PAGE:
Veneto Adventure Travel Journal – Padua

16/17 April 2016

For all my pride in prior planning, somehow I missed that I was spending a night in Padua during their marathon. Have you ever visited a large city during a marathon? The route clings tightly to main roads and winds around landmarks and monuments. Scenic if you’re a runner, a problem if you’re a tourist with only 24 hours to spare.

I had arrived in Padua keen to drop off my luggage at the hotel and head straight for the Prato della Valle for sunset. It’s the largest piazza in Italy, with a huge oval island in the centre surrounded by statues and water.

It is renowned as a beautiful spot.

Great shot of Prato della Valle and it's canal! Thanks to @madalina_solomon #LOVEpratodellavalle

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You’ll notice that these photos aren’t mine. When arrived Isola Memmia was covered in marquees, the water was barriered off with tall chain link fences and portaloos blocked the nicest views. The night before the marathon was bustling, but the grass was strewn with litter and the bins were overflowing. I would have to try some imaginative angles to block out the trash and shirtless teenagers…

#padova #pratodellavalle #igerspadova #ig_padova

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Perhaps a gelato and an early night would improve my mood.

In the morning I power walked to the Scrovegni Chapel for which I had timed tickets. If you plan to go (and you should,) BOOK ONLINE IN ADVANCE. I booked my advance ticket through my Padova Tourist Card, an indispensible purchase for a visit to the city.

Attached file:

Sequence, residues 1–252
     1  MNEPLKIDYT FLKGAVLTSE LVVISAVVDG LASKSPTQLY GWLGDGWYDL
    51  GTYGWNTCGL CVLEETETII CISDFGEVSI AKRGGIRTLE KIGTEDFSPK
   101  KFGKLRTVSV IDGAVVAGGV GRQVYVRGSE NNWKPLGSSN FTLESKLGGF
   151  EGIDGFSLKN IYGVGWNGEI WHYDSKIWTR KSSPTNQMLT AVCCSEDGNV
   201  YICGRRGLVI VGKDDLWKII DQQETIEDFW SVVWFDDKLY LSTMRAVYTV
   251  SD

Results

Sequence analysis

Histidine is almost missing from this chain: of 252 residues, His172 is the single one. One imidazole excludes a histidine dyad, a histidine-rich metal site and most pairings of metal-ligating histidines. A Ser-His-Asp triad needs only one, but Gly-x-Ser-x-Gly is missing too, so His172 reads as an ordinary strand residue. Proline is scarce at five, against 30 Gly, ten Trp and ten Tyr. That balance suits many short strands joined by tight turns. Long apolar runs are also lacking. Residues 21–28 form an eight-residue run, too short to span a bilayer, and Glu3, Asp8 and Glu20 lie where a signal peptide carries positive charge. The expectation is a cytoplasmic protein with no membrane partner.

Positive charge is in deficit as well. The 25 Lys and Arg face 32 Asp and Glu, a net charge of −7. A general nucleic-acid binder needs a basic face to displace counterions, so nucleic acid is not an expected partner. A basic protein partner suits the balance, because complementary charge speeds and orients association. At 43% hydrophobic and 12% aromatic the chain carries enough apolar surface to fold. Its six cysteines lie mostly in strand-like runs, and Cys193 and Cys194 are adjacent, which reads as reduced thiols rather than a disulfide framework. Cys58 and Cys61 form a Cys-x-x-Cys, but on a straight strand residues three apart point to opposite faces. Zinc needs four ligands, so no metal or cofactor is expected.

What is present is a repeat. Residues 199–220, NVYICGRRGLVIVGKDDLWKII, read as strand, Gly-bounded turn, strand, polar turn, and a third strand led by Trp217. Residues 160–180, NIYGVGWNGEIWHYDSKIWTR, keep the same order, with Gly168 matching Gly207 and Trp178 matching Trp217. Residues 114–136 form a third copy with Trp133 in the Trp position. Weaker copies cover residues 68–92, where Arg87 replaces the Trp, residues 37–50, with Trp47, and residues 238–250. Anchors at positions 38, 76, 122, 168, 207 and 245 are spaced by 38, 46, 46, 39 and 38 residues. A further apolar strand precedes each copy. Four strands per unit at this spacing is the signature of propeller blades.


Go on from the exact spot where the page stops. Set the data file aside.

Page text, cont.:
The chapel was built within the ruins of a Roman amphitheatre in 1300. The Scrovegni family were money lenders and the chapel would be attached to a huge palace intended as a newer, grander family residence. Enrico degli Scrovegni commissioned Giotto di Bondone to paint the chapel interior with fresco cycles of the lives of the Virgin Mary and Christ. It was to be the greatest work Giotto ever painted.

I checked online to see whether photography was allowed inside and seeing that it wasn’t checked my camera in with my bag. Apparently the rules changed two weeks prior to my visit and LUCKILY I had my phone in my pocket. The quality isn’t as good, but I have something at least. Visiting times are strictly limited so that each group enters on time. Woe betide the tourist who attempts to sweet talk the custodian for an extra five minutes…

The #scrovegnichapel, painted by #giotto between 1303-5 #padova

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The Kiss of Judas #scrovegnichapel #padova

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The Crucifixion #scrovegnichapel #padova

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Fresco of the Last Judgement by Giotto, 1305 #scrovegnichapel

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The Eremitani Civic Museum is next door (you have to pass through the ticket hall to get to the Scrovegni chapel,) and I’m eager to see what Roman treasures Padua has to offer. There’s a medieval section as well, but we all know my heart lies in more ancient times!

I’m always in a good mood when looking at antiquities, but my day is about to get more frustrating. The marathon is in full swing and easy routes from museum to museum are either blocked or too crowded to navigate. Many churches were closed or inaccessible.

I got some nice photos of architecture, but that was about it.

The Orto Botanico is at least open and a respite from the crowds. It was founded in 1545 by the Ventetian Republic and is the oldest continuous botanical garden in the world.

 

 

I take an earlier train than planned to my next destination. I may one day return to Padua and I’ll bloody well make sure it’s a couple of days with nothing major happening in the city!

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